This afternoon, I took *Jack down to the arena to do a few minutes of in-hand work. We walked and trotted in hand, and I varied the speed that I traveled, which *Jack noticed and changed his speed to accompany me. This is good! Then we did a trip through the TEAM labyrinth and next I decided to begin teaching him the Yo, of the Parelli game 4 "Yo-yo" game. Please note that I am not a "level" anything in Parelli-speak, but I have found much to his 7-games and enjoy using them with the horses as alternative training techniques. Therefore, how I do his games may not be "perfect" according to his goals.

Anyway, the "Yo-yo" game is one in which the horse is asked to back away from you while you stand still; get to the end of the line and "dwell" for a while; then on request come back into you. The object, of course, is to make the requests you use as subtle as possible.

Now *Jack understands the voice command of "back-up" and he understands pressure on the bridge of his nose and that he must move backwards when I walk towards his head/chest area. He has known all that since he was but a foal. Today was the day to incorporate an object to drive him backwards (that happens to be Game 3). As I had my TEAM wand in hand, I simple held it pointing toward him and began moving it rhythmically toward his chest, between his front legs. I then said "back" (I believe that Parelli discourages the use of voice, but as I drive I prefer them to be extra familiar with voice cues). *Jack just looked at me. When he hadn't responded in a few moments, the wand tapped him between his legs. I could see on *Jack's face a "What?". Again, I said back, and when he didn't respond, I increased the amount of contact (that's PC for the wand 'tapped' him harder, lol). At that he took a tentative step backwards with his left fore and I immediately stopped the movement and praised him. We did this 3 to 4 times, and each time he needed the contact of the wand to respond. So, it was time for a break.

We walked off, we did the labyrinth, looked out the door at the turkeys, and then went back to Game 4. Lo-and-behold he got it right away! As is usual he simply had needed a bit of "dwell" time to process what I had been asking. This time when he gave me two lovely steps backwards with just a wave of the wand toward him, I lavished praise on him and gave him a treat. Oh *Jack liked that! And we quit.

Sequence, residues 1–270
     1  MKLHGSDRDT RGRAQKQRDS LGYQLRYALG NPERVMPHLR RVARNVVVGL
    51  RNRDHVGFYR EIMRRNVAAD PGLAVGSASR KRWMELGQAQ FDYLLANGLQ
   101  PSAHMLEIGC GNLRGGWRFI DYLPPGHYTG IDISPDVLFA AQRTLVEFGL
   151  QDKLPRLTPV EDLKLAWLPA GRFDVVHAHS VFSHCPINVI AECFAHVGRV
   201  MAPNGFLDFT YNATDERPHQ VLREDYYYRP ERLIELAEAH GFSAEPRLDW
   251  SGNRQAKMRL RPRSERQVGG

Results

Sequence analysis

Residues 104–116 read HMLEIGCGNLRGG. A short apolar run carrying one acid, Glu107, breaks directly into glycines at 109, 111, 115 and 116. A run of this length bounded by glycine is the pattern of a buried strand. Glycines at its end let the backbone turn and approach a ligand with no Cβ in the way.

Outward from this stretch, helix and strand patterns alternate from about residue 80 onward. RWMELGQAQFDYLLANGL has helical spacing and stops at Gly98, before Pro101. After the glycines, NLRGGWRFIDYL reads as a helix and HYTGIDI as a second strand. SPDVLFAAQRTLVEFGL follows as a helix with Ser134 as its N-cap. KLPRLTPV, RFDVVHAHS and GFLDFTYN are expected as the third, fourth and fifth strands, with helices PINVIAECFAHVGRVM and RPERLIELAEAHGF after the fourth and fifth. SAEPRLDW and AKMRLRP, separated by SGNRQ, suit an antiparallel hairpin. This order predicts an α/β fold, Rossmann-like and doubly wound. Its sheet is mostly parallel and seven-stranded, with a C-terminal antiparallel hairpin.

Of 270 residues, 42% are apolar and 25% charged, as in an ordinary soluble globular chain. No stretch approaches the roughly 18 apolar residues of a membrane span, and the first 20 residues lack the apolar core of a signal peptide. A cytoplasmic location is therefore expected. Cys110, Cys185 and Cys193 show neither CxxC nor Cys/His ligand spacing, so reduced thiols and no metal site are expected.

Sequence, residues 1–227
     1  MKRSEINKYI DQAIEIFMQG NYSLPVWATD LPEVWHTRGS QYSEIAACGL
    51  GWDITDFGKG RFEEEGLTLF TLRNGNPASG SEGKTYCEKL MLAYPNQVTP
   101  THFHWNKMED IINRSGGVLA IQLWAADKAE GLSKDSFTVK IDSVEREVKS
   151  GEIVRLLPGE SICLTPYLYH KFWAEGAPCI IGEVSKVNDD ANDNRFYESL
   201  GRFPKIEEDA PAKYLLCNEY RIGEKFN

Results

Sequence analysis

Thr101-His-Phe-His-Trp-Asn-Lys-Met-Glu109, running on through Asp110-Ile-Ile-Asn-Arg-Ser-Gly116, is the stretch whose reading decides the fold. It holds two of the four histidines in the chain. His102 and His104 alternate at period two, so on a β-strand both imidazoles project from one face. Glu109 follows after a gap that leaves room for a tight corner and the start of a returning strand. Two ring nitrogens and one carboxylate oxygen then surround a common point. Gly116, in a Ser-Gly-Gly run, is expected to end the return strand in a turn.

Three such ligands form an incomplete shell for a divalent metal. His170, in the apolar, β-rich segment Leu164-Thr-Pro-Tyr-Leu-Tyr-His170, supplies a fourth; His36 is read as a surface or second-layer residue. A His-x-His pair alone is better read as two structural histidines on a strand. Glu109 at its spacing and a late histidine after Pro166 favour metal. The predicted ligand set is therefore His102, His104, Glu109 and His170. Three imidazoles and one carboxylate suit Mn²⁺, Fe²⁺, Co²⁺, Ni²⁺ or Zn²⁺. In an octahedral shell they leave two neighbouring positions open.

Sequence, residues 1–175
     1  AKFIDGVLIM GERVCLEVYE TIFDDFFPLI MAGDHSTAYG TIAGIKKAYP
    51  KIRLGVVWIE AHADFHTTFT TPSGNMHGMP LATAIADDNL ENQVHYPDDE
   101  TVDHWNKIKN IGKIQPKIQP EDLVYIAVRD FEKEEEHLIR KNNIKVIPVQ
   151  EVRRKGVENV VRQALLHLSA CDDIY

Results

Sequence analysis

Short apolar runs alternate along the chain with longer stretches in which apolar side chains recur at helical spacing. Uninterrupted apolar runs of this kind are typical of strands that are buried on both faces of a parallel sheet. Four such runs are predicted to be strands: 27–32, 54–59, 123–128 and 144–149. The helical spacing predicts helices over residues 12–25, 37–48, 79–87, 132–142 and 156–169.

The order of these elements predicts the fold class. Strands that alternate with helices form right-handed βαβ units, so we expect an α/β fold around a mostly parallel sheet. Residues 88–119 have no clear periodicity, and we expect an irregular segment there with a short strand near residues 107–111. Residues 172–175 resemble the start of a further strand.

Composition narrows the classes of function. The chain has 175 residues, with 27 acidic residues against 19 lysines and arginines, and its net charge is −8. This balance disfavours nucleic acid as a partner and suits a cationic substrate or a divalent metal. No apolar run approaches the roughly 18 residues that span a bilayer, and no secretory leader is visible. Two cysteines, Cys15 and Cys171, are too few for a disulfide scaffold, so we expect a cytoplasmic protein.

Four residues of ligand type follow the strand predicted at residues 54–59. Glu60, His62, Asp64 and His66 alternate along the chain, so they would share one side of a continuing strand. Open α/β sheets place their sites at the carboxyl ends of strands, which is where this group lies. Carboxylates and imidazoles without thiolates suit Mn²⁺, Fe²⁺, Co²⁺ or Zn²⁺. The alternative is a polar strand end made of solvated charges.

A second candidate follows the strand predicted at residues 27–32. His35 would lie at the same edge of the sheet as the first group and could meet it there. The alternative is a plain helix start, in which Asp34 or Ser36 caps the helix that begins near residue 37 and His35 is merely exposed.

I was very proud of his good work.

Next out was Silken and Dude (you will notice there are no astericks next to their names; that is because we use the asterick* to denote a curly coat. No *, means no visible curls). I brought Silken in and Guin brought in Dude. I like to start my work sessions with a trip around the arena. It sets the "mood", i.e. "This is now learning/work time, not relaxing time". So, Silken and I made a trip around the arena, and we varied our speeds in the walk and trot as I had with *Jack. I took Silken through the labyrinth for a first time and she did well. Then I began the games with her. Silken knows the games and is a sensitive mare. What she will help me with is my subtlety.

Each horse responds differently to the different games. For instance in the Yo-yo game, Silken's yo is much better than her Yo. She does not like to be asked away from the human. She does it, but you can see in her eyes that she doesn't like being "sent away". So I make sure to do it gently, quietly. I think that I can become even quieter yet. Silken also has a default behaviour and that is to do the Circle game, or game 5. If she is confused at all, she circles you. So, one must be aware of it and ready to interrupt her circling. But, it is a game she does really well!

And her Game 7, or Sideways game is soooooo smooth. Lovely to work with, lovely to watch. Again, I know I can become more subtle with it though as I got a couple of tail-twists and snorts with a head bob. She was telling me that I was "shouting" and that she could hear me just fine "thank you very much"!!

After a bit with them both, we went out and just walked around a bit with them. Guin and I agreed that it was fun playing with two horses at the same time and want to do more of it.

After that it was time to wait for my new helper! Beginning today I have a cute-as-a-button 9 year old coming to help with afternoon chores and learn more about horses. Today, she helped me water; mix supper; give the night hay out; and feed supper to the horses. While we worked I asked her to think about a topic for each Friday that she would like to talk about regarding horses. I did catch her by surprise with this but she decided that today we should talk about the insides of a horse! So I told her how they were the same and how they were different. We spoke about their brains, their digestive system, and how they are prey not preditors and how that effects their insides and thinking. I had a great time and I think she did too! I'm looking forward to next Friday.